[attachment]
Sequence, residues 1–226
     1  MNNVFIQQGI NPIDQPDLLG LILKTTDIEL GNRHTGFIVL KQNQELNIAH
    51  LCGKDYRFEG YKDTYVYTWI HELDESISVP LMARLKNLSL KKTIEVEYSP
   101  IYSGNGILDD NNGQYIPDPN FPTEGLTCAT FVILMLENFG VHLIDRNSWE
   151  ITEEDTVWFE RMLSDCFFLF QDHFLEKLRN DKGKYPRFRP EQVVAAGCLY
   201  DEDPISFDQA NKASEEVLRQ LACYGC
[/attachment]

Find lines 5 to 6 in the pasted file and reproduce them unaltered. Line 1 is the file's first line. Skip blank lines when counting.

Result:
   151  ITEEDTVWFE RMLSDCFFLF QDHFLEKLRN DKGKYPRFRP EQVVAAGCLY
   201  DEDPISFDQA NKASEEVLRQ LACYGC